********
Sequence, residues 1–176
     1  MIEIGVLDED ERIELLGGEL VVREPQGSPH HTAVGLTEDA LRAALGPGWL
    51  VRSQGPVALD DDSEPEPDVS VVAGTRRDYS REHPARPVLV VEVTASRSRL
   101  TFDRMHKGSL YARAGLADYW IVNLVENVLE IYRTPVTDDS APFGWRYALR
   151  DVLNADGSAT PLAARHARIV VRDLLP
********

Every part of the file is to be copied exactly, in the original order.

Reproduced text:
Sequence, residues 1–176
     1  MIEIGVLDED ERIELLGGEL VVREPQGSPH HTAVGLTEDA LRAALGPGWL
    51  VRSQGPVALD DDSEPEPDVS VVAGTRRDYS REHPARPVLV VEVTASRSRL
   101  TFDRMHKGSL YARAGLADYW IVNLVENVLE IYRTPVTDDS APFGWRYALR
   151  DVLNADGSAT PLAARHARIV VRDLLP